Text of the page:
Collect the internal nodes of a binary tree in a list An internal node of a binary tree has either one or two non-empty successors. Write a predicate internals/2 to collect them in a list.

Example: % internals(T,S) :- S is the list of internal nodes of the binary tree T. Example in Haskell: Prelude>internals tree4 Prelude>[1,2]

Solution:

```
internals :: Tree a -> [a]
internals Empty = []
internals (Branch a Empty Empty) = []
internals (Branch a left right) = [a] ++ (internals left) ++ (internals right)
```

## Problem 62B

Collect the nodes at a given level in a list A node of a binary tree is at level N if the path from the root to the node has length N-1. The root node is at level 1. Write a predicate atlevel/3 to collect all nodes at a given level in a list.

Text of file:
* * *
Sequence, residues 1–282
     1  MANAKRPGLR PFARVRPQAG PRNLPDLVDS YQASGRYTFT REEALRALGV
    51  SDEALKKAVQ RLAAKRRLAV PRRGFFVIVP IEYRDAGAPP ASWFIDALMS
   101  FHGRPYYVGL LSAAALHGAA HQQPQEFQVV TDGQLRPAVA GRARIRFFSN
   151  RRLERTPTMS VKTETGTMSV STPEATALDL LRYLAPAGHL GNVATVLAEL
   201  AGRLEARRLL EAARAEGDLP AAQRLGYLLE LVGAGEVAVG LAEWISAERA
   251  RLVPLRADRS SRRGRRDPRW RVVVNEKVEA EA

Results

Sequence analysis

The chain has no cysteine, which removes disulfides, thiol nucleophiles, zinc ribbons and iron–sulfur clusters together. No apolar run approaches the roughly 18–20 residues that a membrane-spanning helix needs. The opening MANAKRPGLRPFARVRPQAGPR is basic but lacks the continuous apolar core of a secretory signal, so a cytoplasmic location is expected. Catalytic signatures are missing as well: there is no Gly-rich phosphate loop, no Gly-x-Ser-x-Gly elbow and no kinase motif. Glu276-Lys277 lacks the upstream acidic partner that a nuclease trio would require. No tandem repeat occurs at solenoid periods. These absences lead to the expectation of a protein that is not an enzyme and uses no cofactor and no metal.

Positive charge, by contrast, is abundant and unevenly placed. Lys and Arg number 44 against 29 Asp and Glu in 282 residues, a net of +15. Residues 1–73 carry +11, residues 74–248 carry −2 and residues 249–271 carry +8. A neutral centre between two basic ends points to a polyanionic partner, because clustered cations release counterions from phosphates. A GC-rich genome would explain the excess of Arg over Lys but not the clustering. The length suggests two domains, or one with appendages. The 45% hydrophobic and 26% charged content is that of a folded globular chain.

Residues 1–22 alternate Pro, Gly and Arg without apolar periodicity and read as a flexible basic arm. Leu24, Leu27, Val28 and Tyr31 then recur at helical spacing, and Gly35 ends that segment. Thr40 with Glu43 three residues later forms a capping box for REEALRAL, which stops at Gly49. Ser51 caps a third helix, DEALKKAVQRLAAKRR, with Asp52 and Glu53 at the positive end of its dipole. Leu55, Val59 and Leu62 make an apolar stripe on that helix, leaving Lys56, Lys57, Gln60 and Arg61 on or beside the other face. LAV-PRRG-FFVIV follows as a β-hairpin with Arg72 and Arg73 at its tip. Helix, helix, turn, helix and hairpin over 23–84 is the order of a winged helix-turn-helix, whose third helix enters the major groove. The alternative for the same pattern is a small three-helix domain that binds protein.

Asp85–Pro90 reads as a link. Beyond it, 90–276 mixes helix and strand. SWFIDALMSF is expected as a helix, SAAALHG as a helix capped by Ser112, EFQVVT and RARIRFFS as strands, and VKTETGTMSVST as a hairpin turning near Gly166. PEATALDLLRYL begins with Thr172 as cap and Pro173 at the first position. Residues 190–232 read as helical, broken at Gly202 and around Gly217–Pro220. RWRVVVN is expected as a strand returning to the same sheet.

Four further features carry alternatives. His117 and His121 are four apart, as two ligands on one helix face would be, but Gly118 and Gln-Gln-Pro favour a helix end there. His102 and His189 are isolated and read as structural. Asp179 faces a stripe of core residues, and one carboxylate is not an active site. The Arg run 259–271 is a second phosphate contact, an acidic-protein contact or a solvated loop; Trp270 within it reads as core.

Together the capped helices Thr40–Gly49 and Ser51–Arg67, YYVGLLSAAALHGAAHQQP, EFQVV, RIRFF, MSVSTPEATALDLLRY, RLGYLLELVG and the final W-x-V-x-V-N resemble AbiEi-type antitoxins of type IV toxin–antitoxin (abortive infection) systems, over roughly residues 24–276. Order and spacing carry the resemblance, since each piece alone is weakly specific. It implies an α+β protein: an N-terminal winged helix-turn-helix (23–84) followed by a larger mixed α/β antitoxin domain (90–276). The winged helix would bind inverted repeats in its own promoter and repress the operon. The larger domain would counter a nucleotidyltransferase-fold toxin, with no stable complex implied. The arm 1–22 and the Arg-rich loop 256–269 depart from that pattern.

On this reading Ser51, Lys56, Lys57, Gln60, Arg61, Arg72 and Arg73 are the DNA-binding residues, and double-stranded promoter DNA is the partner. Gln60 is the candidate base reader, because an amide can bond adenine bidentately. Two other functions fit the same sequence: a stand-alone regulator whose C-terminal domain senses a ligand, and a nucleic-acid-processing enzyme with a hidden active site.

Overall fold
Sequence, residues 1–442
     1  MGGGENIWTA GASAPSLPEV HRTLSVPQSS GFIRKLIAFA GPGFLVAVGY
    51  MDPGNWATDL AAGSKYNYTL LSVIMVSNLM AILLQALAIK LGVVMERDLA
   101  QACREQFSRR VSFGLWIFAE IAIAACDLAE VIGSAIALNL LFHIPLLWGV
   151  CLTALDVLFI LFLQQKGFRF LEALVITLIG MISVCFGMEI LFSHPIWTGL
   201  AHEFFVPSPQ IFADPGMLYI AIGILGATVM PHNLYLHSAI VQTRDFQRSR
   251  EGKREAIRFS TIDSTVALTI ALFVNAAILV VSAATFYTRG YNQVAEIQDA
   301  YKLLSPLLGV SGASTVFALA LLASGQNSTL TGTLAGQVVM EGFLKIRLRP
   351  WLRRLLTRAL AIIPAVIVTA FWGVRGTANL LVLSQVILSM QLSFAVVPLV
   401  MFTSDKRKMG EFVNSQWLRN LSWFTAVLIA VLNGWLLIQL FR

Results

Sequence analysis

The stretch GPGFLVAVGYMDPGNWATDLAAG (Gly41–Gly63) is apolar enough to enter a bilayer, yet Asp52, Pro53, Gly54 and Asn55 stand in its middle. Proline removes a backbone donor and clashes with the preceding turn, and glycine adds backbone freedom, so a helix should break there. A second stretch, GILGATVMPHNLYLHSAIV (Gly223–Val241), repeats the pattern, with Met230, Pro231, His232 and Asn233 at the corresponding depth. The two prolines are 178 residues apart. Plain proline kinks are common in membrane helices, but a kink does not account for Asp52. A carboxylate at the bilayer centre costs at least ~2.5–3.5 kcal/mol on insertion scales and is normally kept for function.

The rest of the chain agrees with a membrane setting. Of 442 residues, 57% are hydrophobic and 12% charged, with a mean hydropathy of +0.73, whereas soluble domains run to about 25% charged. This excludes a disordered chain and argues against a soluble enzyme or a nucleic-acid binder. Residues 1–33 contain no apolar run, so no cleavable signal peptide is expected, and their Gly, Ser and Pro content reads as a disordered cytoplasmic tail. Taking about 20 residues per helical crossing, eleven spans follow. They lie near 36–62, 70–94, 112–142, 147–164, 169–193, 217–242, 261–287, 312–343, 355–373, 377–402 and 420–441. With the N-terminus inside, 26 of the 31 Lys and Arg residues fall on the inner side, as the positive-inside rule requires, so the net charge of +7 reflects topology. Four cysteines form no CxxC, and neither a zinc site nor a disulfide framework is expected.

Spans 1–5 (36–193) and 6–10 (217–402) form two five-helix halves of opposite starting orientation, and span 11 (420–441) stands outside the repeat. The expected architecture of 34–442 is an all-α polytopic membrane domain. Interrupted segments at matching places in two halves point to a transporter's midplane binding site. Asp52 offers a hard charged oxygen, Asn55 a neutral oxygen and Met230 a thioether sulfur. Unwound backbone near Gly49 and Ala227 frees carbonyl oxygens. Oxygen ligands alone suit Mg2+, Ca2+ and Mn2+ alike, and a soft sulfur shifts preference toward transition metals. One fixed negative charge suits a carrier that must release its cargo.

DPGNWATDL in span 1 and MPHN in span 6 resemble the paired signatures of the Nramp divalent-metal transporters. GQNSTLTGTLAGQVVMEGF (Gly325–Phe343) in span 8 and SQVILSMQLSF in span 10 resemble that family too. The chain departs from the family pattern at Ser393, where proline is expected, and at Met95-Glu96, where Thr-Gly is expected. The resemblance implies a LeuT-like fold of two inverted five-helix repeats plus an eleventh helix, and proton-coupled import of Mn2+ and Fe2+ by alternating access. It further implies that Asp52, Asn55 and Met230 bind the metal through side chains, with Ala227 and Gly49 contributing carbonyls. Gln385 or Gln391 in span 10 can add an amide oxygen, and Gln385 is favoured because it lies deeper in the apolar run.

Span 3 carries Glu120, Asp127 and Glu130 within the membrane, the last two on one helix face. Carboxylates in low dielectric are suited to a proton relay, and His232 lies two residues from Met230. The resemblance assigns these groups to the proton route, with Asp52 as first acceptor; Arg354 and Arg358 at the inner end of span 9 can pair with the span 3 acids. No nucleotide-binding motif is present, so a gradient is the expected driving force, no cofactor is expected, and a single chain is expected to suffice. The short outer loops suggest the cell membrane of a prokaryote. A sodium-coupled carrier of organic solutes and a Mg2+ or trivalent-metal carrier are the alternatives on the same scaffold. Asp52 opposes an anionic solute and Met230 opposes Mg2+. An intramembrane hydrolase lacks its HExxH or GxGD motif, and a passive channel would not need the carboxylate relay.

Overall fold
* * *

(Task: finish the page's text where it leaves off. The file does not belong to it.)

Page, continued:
Example: % atlevel(T,L,S) :- S is the list of nodes of the binary tree T at level L Example in Haskell: Prelude>atlevel tree4 2 Prelude>[2,2]

Solution:

```
atlevel :: Tree a -> Int -> [a]
atlevel t level = loop t 1
where
loop Empty _ = []
loop (Branch a l r) n
| n == level = [a]
| otherwise = loop l (n+1) ++ loop r (n+1)
```

Another possibility is to decompose the problem:

```
levels :: Tree a -> [[a]]
levels Empty = repeat []
levels (Branch a l r) = [a] : zipWith (++) (levels l) (levels r)
atlevel :: Tree a -> Int -> [a]
atlevel t n = levels t !! (n-1)
```

## Problem 63

Construct a complete binary tree

A complete binary tree with height H is defined as follows:

- The levels 1,2,3,...,H-1 contain the maximum number of nodes (i.e 2**(i-1) at the level i)